More Visas for Immigrant Entrepreneurs – Babson and Alaska

“…a state may, if its citizens choose, serve as a laboratory; and try novel social and economic experiments without risk to the rest of the country.”

  • Supreme Court Justice Louis Brandeis, 1932

A few years ago, I was frustrated with the lack of progress on immigration reform out of Washington DC. I brainstormed with an immigration lawyer friend, Jeffrey Goldman, and came up with the idea of the Global EIR program: a public-private partnership where a university could sponsor an H1-B visa for an immigrant entrepreneur, avoiding the onerous lottery system. Last year, we partnered with the state – with the support of the legislature, the governor and the Mass Tech Collaborative – to launch the first global EIR program in Massachusetts in partnership with the University of Massachusetts under the leadership of vice provost Bill Brah. That program is now over one year old and has seen tremendous success thanks to Bill’s indefatigable drive as well as the support of the state and private sponsors SVB, Goodwin Procter and Mayor Bloomberg’s foundation.  Specifically:

  • 20 visas issued to immigrant entrepreneurs (100% approved by USCIS)
  • 16 companies (most of whom wouldn’t be in the US if not for the program)
  • Over 200+ jobs created across those companies
  • Over $100 million raised by those companies

In partnership with my friend, Brad Feld, we created the Global EIR Coalition to take the program national and hired Craig Montuori to lead the new non-profit. Brad helped extend the program to Colorado in partnership with the University of CO Boulder.

Earlier this year, New York got into the act, partnering with the CUNY system to launch their version of the Global EIR program. They plan on issuing 80 visas to immigrant entrepreneurs.

And today, I am thrilled to report that both Babson and the University of Alaska have announced that they are launching their own Global EIR programs. Babson is consistently named the top ranked entrepreneurship school in the world and so a bellwether in the field. Alaska is the first West Coast program and has the opportunity to draw from its strong relationships with Asia and Russia.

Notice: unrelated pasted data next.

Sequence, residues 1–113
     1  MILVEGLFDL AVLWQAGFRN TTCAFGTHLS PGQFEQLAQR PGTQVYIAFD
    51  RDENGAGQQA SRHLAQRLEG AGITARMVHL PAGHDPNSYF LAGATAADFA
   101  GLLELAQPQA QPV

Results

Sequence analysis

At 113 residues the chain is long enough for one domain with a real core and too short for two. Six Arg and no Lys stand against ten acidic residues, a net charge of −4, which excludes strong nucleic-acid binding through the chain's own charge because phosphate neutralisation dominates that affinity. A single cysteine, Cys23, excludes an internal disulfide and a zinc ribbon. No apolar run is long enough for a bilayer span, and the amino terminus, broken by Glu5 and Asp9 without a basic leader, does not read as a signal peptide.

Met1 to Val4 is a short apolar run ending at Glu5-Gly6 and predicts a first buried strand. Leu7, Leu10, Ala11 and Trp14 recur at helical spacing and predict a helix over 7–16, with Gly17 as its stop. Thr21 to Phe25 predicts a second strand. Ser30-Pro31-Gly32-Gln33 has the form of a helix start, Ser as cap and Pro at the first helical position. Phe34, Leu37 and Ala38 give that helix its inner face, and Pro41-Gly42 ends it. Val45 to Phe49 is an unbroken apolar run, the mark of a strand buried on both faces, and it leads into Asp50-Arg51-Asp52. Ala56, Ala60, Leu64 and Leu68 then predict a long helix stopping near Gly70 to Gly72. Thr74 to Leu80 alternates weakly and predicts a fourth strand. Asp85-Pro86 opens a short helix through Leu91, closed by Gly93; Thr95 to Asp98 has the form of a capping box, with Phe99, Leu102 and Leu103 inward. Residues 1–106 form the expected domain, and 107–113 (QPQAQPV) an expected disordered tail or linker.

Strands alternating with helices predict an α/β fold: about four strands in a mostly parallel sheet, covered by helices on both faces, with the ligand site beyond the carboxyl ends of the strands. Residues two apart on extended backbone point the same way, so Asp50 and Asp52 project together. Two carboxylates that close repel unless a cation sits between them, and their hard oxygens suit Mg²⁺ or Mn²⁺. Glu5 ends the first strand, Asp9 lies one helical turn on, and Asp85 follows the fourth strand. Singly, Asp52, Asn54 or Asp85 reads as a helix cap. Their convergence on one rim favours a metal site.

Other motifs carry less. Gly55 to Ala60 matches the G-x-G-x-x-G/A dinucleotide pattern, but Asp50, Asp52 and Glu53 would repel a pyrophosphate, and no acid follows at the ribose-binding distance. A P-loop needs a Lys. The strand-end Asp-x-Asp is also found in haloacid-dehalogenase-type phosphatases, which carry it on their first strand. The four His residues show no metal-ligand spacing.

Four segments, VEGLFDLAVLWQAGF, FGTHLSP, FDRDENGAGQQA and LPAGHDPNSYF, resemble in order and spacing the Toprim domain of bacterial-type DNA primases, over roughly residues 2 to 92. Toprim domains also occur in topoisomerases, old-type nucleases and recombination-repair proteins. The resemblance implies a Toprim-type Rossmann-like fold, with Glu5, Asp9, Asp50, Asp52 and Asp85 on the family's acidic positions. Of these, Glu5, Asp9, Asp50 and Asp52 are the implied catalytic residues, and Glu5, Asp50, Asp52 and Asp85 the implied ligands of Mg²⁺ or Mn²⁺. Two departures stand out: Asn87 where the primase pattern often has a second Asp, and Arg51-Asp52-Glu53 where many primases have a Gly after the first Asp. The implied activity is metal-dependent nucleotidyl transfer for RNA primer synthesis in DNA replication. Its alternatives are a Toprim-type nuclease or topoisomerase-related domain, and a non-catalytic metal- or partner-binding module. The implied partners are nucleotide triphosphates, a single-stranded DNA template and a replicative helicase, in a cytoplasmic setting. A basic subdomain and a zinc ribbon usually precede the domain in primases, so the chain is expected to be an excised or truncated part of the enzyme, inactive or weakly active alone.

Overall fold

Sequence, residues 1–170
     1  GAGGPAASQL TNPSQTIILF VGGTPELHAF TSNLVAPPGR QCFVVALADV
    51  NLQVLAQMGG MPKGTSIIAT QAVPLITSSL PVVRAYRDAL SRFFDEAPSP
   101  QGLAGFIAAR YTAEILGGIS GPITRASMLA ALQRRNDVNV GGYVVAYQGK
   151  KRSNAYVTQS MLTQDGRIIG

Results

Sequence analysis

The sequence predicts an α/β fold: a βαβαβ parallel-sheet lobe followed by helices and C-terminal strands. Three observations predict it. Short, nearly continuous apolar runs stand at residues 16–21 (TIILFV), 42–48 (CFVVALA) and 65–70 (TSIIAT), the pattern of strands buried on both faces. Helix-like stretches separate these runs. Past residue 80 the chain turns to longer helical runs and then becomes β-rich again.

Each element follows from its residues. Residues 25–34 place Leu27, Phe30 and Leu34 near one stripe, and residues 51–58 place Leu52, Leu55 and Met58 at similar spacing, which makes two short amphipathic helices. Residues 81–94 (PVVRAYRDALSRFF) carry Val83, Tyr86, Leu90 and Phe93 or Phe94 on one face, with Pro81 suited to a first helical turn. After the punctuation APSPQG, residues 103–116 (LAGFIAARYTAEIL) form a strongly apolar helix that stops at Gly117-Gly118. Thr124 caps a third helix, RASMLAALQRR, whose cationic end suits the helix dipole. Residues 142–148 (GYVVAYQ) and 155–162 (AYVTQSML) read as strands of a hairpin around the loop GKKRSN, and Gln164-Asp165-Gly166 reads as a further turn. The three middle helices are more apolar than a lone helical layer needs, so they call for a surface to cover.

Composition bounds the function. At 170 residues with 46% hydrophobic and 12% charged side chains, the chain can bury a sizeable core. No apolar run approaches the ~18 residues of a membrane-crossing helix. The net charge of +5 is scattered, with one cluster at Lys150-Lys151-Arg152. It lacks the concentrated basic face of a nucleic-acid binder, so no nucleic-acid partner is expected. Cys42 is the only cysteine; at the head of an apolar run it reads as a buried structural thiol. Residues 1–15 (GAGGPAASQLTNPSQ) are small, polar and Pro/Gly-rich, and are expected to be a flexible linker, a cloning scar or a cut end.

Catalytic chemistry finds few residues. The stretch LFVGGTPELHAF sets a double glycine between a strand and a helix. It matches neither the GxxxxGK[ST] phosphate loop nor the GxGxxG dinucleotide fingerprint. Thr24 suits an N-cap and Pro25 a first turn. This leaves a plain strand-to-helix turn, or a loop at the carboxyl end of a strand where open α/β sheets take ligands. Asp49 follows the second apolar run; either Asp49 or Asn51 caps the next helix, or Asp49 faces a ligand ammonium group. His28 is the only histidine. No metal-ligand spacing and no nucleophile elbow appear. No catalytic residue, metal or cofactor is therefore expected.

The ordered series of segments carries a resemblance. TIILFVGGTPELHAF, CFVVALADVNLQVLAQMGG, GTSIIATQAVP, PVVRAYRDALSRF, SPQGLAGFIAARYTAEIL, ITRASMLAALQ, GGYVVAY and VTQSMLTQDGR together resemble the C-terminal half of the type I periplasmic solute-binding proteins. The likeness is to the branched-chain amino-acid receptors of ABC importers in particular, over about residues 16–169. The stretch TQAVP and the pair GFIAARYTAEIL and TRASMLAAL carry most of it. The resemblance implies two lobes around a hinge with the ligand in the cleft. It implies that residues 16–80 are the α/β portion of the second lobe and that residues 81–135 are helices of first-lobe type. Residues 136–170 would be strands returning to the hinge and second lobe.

If you’re interested in learning more about the program, supporting it philanthropically, applying for it, creating it in your home state, or whatever, contact one of the local chapters or get in touch with Craig via the Global EIR Coalition website.

Onward towards rational immigration reform – state by state!

One thought on “More Visas for Immigrant Entrepreneurs – Babson and Alaska

  1. I was dejected when my student visa to the United States got rejected in 2009. I never tried again for any other country to pursue higher education. Post completion of education I started working in an MNC that really helped me a lot, all my colleagues were talking about Canada immigration. I have enough experience to apply for the Canada work visa but, I was a bit hesitant, my friends suggested me to seek help of any consultancy. Meanwhile I received a mail from MoreVisas regarding the job opportunities and the consultancy people fixed appointment and one fine day they assessed my profile and told that I am eligible for the Canada Express Entry Scheme. I asked about the job prospects; they clearly said what the fact, Job offer from Canadian employer is; luckily I was working on a Canada project, that really helped. Client helped me a lot, the timely guidance by the Morevisas, easily fetched me the skilled visa. They did not set me any unrealistic expectations, they helped cohesively, and I got invited from the express draw recently, my visa being processed. I am happy to migrate to Canada now, thanks to Morevisas.


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